When was the last time you met, or even saw in person, your Congress member? (We used to say “Congressman” but that is so 1860s if not 1960s.) For me, the last time was decades ago. I don’t expect him to come knocking on my door to chat, although that’s what he did when he first ran for office. My U.S. representative, and quite probably yours, too, is MIA. His face on the side of milk cartons. There have been sightings, but mostly of him dozing off in some House vote on herring subsidies. However, that could have been a tape — the speaker was Sam Rayburn. Wait. I do remember seeing my man in Washington. He was making a speech to a high school class and it was so bad that it was run on Comedy Central. That’s the honest truth. His official residence might be the District of Columbia, but members of Congress don’t actually live in Washington. They commute from the suburbs.
The reason we are discussing this lack of contact back in their home district is Eric Cantor. To refresh your memory, Cantor was majority leader in the U.S. House of Representatives and was the heir apparent to the speakership. As such he got respect, fear, lots of campaign donations. He represented the Seventh District of Virginia, going from the leafy suburbs of Richmond to near Washington, a strong Republican part of the state, where Romney beat Obama in 2012 by15 percentage points. Cantor had been elected and re-elected seven times.
In the GOP primary he faced an unknown economics professor at Randolph-Macon College named David Brat. Cantor had a 26-to-1 cash advantage. Brat’s entire election budget was $200,000, which was only slightly more than what Cantor’s campaign spent on steak dinners. No kidding. He was so worried about the primary’s outcome that he spent election morning in a D.C. Starbucks, at what The Washington Post described as a “monthly meeting with large donors and lobbyists.”
And he lost. Actually, he got clobbered by 11 percentage points. (Cantor’s own polls showed him up by more than 30 points.) He was the first House leader to be unseated in a primary. After the election, of course, pundits explained: “Obviously it was…” Or, “As I’ve said all along…” Many pundits blame his defeat on immigration. Brat somehow managed to portray Cantor as soft on immigrants, practically pushing for amnesty. Maybe so, but mid-Virginia is hardly a hotbed of illegal immigrants. The congressional district’s Latino population is only 5 percent while 77 percent are non-Hispanic whites, 14.5 percent are black and 4 percent are Asian, according to the 2010 census. I can’t buy that immigration was a top priority for the voters. There was also the matter of a nothing voter turnout. Not 14 percent of the eligible voters cast a ballot, and they were mostly Tea Party members voting for Brat who is even more right-wing than Cantor.
No, the real reason was a matter of priorities. The Congressman had a different set of priorities than his constituents. He lost touch. He succeeded in being a power in the Capitol, but forgot why he was sent there. Cantor was all over the TV screens, holding forth in the Capitol Rotunda, on Sunday morning talk shows, or raising funds in Idaho and collecting chits. His district’s farthest point was only a two-hour car trip from Washington, but he was never around. After-election polls, showed the voters believe they didn’t have a voice in Congress when it came to jobs, the economy, education and herring subsidies.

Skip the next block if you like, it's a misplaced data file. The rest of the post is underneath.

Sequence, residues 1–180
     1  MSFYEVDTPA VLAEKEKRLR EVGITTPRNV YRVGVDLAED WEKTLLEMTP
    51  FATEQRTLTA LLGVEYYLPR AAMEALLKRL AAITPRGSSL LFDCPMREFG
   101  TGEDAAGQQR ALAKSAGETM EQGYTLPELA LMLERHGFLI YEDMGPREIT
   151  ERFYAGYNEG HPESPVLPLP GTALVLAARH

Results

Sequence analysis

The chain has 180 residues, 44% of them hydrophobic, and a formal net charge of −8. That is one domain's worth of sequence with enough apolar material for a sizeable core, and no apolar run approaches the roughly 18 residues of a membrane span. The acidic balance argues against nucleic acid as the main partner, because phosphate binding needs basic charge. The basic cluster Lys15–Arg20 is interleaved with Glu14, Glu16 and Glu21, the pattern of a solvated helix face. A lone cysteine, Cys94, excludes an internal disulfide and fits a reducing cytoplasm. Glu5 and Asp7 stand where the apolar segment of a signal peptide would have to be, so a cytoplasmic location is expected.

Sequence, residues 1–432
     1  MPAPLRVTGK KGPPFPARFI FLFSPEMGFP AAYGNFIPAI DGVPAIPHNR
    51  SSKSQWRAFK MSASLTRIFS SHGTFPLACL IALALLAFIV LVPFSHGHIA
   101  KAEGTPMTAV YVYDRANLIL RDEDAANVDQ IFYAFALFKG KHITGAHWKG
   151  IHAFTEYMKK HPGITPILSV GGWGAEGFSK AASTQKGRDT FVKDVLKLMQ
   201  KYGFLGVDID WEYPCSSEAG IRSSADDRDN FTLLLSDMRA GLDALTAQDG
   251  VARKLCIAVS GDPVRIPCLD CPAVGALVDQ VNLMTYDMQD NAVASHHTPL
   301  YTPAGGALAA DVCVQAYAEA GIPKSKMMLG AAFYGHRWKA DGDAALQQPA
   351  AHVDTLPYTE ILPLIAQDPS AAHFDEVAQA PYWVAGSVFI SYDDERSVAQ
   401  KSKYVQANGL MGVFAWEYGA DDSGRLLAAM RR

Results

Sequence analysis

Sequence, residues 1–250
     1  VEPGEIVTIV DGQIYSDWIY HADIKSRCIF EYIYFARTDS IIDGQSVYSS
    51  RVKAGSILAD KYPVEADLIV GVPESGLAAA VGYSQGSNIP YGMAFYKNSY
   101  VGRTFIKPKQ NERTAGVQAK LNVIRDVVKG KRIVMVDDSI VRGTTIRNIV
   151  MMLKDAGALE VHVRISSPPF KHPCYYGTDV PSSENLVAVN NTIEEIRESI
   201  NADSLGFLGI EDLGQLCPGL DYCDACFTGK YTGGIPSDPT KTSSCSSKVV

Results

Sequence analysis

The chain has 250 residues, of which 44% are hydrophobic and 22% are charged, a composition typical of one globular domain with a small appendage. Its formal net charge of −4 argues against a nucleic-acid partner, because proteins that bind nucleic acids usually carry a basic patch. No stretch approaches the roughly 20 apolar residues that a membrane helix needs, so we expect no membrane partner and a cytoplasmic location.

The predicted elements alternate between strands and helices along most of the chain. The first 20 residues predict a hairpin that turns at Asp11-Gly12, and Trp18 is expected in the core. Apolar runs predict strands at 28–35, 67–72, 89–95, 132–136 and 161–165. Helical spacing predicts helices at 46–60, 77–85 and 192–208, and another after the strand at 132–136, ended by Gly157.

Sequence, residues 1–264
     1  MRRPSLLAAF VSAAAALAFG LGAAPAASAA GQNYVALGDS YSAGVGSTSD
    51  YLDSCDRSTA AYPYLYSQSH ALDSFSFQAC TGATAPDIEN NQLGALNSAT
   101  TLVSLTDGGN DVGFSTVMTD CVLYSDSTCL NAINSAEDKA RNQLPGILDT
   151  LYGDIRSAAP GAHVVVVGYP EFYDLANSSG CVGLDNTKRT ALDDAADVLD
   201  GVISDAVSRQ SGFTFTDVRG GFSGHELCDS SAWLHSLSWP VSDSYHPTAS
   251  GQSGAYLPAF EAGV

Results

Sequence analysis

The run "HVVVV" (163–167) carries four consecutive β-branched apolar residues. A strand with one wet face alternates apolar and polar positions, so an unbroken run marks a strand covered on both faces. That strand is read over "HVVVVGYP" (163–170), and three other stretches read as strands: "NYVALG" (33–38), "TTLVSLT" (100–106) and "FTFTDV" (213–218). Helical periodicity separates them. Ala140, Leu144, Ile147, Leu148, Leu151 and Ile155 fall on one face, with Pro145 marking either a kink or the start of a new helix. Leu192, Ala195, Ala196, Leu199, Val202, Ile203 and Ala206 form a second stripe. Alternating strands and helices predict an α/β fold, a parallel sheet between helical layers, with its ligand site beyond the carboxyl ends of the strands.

The “representative” part of their job has been lost I Congress. Example: We are hurting in this economy, but for the first time in history most members of Congress are millionaires, according the Center for Responsive Politics. Of 534 current members of Congress, at least 268 had an average net worth of $1 million or more in 2012. The richest of all is a Texan: Rep. Michael McCaul, Republican of Austin, worth over $294 million. He married it. Many among us are worried about their jobs. Congress doesn’t have that problem. Between gerrymandering and voter apathy, 90 percent of Congress members seeking election are re-elected. Bloomberg reports that 90 percent of House members and 91 percent of senators who sought re-election in 2012 were successful. Polls show we hold Congress in lower esteem than pond scum. But we always re-elect our own member because he or she is really terrific – or runs unopposed. This is particularly true in Texas, although Ralph Hall from northeast Texas was defeated in the last GOP primary, possibly because he was seeking another term at the age of 91, the oldest person to ever serve in the House, and promised to work with his political opponents from all 13 states.
To remind me who he is, I get a Christmas card from my Congressman, which I pay for, and an occasional newsletter extolling his fight against communism. Ditto the pay. His main priorities seem to be being re-elected and sending out Christmas cards. My priorities include the economy, global cooling and getting UT and A&M to meet in football again.
It’s called Potomac Fever. Once members, appointees and most journalists get to Washington they like to stay. Many become lobbyists or just retire to Maryland’s east shore, like Donald Rumsfeld and Dick Cheney. Fortunately, we don’t have to worry about Cantor. After his defeat, he resigned as majority leader, losing more than 25 staffers (he’ll still have 20 like every other member).This extra staff included bodyguards who drove him around Washington and to his district in an SUV. And his salary of $193,400 will be cut by $20,000 to the normal $173,000. He’ll move to K Street, become a lobbyist, triple his income and buy his former colleagues coffee at Starbucks – on his expense account. As for our Texas’ pols, when the Washington Redskins become the home team, it’s time to leave.
Ashby is unelectable at email@example.com